Thursday, February 12, 2009

Conspiracy Theory

Reading Douglas Preston and Mario Spezi's Monster of Florence. Epiphany: Conspiracy theories are wonderful for fiction, but they are annoying and bizarre when applied to real life. But, when the police develop a conspiracy theory as in the the case of Dr. Narducci, the School of the Red Rose, and the serial killer(s) known as the Monster of Florence, then God help us.

It is as though the investigators, in their single-minded obsession to catch the killer, see it as a personal offront that the killer is still loose, and develop a kind of collective delusion. They must justify their obsession. They must justify why this character has eluded them for decades. Of course! It can't be only one person! Of course! It must be a conspiracy against law and order. Of course! It has to be a shadowy group of very rich and powerful individuals who are united against me, because a poor Sardianian illiterate could never have eluded justice so effectively for so long. There's nothing wrong with MY methods--I must be up against impossible odds. The motive? Of course--it MUST be SATANIC, because I certainly feel as though I'm in hell...

Apparently such investigative "technique" is tantamount to a kind of hysteria--and leads to factitious delusion and the most bizarre leaps in logic. Like auditors, investigators may need to be rotated so that they don't develop these Captain Ahab-like fixations and mental disorders.

Preston and Spezi, having the temerity to review the evidence and come to their own conclusions--which deviate from the investigator's bizarre construct of events, fall under the lens of suspicion themselves. Like the Salem Witch Trials, when questioning the procedure itself was enough to bring suspicion on the questioner.

Money quote: "I felt like I was in Franz Kafka's The Trial, acted out by Dean Martin and Jerry Lewis."

Tuesday, February 10, 2009

Daniel Hecht

Finished Bones of the Barbary Coast by Daniel Hecht. Wonderful, lush prose and vivid storytelling, an active main character, and adherence to Point of View make this title well worth reading. Three characters form a triangle of point of view, so that the mistaken notions of one are revealed in the point of view of another. This is effective novel writing. A fourth point of view makes itself known in the journal entries of a dead character, writing from the 1880s.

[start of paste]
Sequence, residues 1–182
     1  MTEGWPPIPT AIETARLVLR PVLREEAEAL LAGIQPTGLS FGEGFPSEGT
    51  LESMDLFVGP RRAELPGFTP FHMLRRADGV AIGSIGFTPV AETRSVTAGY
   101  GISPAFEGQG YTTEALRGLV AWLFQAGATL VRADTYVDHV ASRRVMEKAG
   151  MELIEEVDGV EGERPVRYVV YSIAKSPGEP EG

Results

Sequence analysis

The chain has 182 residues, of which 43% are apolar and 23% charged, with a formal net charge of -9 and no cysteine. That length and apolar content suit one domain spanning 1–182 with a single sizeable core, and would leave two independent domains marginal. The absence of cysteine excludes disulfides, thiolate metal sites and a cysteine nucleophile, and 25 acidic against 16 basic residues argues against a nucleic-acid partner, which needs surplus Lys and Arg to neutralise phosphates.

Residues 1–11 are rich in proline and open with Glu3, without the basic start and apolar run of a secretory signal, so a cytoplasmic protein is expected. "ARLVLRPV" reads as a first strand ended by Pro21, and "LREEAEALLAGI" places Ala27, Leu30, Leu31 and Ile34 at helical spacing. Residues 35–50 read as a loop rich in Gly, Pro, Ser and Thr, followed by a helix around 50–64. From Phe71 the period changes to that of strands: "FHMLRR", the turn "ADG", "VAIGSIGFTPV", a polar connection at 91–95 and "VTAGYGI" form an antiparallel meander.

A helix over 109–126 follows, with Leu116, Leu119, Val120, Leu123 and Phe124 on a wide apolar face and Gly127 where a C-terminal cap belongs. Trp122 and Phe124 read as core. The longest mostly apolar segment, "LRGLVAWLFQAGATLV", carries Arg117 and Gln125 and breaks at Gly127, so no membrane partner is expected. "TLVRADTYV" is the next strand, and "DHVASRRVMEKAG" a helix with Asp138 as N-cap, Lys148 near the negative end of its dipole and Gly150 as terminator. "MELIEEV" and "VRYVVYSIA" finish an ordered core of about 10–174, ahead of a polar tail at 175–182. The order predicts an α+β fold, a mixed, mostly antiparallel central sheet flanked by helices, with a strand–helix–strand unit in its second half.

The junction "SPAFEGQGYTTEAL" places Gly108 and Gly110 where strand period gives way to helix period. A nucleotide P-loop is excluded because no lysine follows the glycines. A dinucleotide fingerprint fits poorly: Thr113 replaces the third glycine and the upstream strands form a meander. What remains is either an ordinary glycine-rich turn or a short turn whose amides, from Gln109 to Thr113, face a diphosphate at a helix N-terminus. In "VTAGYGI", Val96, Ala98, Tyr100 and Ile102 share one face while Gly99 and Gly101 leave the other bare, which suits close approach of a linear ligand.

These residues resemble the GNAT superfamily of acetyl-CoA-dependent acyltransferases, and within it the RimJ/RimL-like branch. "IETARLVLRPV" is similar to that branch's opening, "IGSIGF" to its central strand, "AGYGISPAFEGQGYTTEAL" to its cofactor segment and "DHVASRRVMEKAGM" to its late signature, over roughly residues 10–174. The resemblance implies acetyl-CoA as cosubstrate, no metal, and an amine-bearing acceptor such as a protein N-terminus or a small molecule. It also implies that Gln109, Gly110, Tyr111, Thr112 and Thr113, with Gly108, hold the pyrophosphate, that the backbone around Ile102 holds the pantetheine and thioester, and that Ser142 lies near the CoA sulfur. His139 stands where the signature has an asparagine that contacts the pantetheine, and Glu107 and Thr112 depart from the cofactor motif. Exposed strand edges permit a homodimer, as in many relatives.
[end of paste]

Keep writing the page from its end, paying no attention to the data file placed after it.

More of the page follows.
Hecht deftly works the theme of werewolf, the savage beast within, into the story, as Cree Black's allegiance changes over the course of the novel from her uncle Bert to Ray, a mysterious, deformed figure with strange ideas, who Bert has tangled with in the past. Both men must confront their inner beasts and Hecht uses point of view so extremely well, that there is a seamless transfer of the reader's allegiance, along with Cree's, from Bert to Ray.

I'm not giving too much away here, I hope, since the central mystery, the McGuffin, or raison d'etre, is the Wolfman--a skeleton found in the basement of a San Francisco house. The mystery of the Wolfman's origin forms the scaffold on which the novel is hung--with the character arcs forming all the connective mortar of the story.

Hecht understands physicality in a way that few writers do. His description of action, in particular is based in the physicality of the character from whose point of view he's writing. For Bert, it's dancing, and his heart, for Ray, his sheer exuberant masculine strength. Hecht's description of the thought process during one of the character's deaths (sorry--you have to read to find out which one) rings so emotionally true, that the reader is satisfied that this was contemplated deeply before being set down on the page. We can only ask that much of those whose writing we trust to read.

I note here, sadly, that I listened to the audio version of the book, which was narrated by Anna Fields, who died in a freak accident a year or so ago here in Seattle. She was gifted.